Those who live long enough also encounter instances of men falsely accused of sexual assault. In my early twenties, an acquaintance faced rape charges. His mother quit her job to aid his defense. His family, which seemed wealthier than my own, expended much money to defend him. Because this young man actively pursued many young women, and because of his touchy-feely behavior, many of his friends wondered about the truth of the charge. Perhaps some looked at it all through a lens of jealousy because the guy did better among women than they did. He went through a hellish experience for something close to a year. The prosecutors offered him a deal shortly before trial. He steadfastly refused. They then abruptly dropped the charges. It turned out that two days or so after making the initial allegation to law enforcement, the young woman—a complete stranger to me—admitted to making up the story. It turned out that she had pursued him for sex. He, uncharacteristically, in my estimation, refused. She responded to the rejection with revenge. The greater evil came from the lawyers, who, for reasons many suspected related to receiving federal matching funds for successfully prosecuting crimes against women, pursued a case when they knew no case existed.
#MeToo as a means to attain justice deserves support. #MeToo as a weapon to bludgeon political opponents or to seek revenge for some real or imagined evil deserves contempt.
Ultimately, gender solidarity or an ideology that reflexively believes accusers no matter the evidence should not guide the public, or politicians, or prosecutors. The political activism of the two women whose accusations the FBI looks into regarding Brett Kavanaugh appears to provide a motive for their claims. But this alone neither proves nor disproves their allegations. The same could be said for their first issuing the charges decades after the alleged assaults. The burden of proof rests on the accusers. Currently, not a single eyewitness supports their stories. They are completely uncorroborated.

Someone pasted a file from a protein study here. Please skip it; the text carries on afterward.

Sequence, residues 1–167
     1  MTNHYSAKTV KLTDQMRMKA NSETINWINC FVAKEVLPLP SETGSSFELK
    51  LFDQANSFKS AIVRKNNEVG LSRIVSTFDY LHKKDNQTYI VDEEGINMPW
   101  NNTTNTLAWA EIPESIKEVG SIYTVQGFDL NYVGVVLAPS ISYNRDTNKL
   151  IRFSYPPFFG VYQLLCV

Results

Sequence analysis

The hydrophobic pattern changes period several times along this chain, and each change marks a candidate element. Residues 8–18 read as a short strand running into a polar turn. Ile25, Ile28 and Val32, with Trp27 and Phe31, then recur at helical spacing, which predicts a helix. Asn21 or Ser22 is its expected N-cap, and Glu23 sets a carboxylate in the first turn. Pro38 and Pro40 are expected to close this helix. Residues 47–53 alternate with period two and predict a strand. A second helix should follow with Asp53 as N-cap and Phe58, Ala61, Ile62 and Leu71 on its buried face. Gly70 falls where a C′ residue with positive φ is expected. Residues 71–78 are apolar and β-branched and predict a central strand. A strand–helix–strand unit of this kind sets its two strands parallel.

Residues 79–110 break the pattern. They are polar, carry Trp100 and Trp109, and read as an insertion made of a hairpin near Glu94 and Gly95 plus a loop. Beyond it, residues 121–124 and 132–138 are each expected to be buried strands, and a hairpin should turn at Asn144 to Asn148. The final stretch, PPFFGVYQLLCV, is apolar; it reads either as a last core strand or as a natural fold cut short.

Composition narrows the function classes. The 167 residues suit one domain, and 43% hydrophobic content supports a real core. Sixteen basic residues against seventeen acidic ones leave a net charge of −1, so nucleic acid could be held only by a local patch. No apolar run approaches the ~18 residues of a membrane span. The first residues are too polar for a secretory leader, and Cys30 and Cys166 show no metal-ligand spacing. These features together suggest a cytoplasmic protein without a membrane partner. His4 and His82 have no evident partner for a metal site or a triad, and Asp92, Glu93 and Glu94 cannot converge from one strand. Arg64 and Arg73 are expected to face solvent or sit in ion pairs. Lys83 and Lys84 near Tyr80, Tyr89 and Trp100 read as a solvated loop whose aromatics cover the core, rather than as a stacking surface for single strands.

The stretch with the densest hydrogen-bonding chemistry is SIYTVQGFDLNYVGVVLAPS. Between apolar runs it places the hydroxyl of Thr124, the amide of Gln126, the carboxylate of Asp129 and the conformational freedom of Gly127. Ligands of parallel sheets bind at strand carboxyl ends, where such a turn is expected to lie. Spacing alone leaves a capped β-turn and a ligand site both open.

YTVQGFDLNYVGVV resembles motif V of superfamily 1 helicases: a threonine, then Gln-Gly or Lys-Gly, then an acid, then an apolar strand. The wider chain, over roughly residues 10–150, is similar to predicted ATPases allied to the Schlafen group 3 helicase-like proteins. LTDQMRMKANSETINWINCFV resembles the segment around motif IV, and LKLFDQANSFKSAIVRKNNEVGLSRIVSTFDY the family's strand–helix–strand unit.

Evidence matters, in court at least. In the court of public opinion, emotion often trumps evidence. The emotion stirred up by #MeToo, the prospect of a judge casting the deciding vote to overturn Roe v. Wade, Republican gamesmanship that thwarted Merrick Garland’s nomination, and the warm, friendly, and vulnerable woman who appeared before the Senate Judiciary Committee last Thursday all seem to trump the evidence for many. The Senate, a political body, necessarily bows to the body politic. Should the FBI fail to corroborate the charges of Christine Blasey Ford and Deborah Ramirez, this will not refute these strong emotions, which, as emotions, remain irrefutable by evidence.
It will also make my blood boil if Kavanaugh is not confirmed! The confirmation hearings were an embarrassment that would never have turned into such a sham if Feinstein had done was is commonly done on almost a daily basis. Allegations are investigated in secret, behind closed doors and only becomes public if EVIDENCE of wrongdoing by any one in the government is discovered. Though, these days, anonymous leaks to the media, would appear to be on the rise as a popular blood sport. I am not amused!
No, neither am I, but I do understand that the rules have changed 'bigly' since we the people had the audacity to elect some outside the comfortable parameters of our ruling elites . . .
Congratulations on your son's Master!! terrific, you must be very proud!
Thanks, we are, although we're still hoping he can latch on with an orchestra somewhere.
You did not mention the instrument he plays!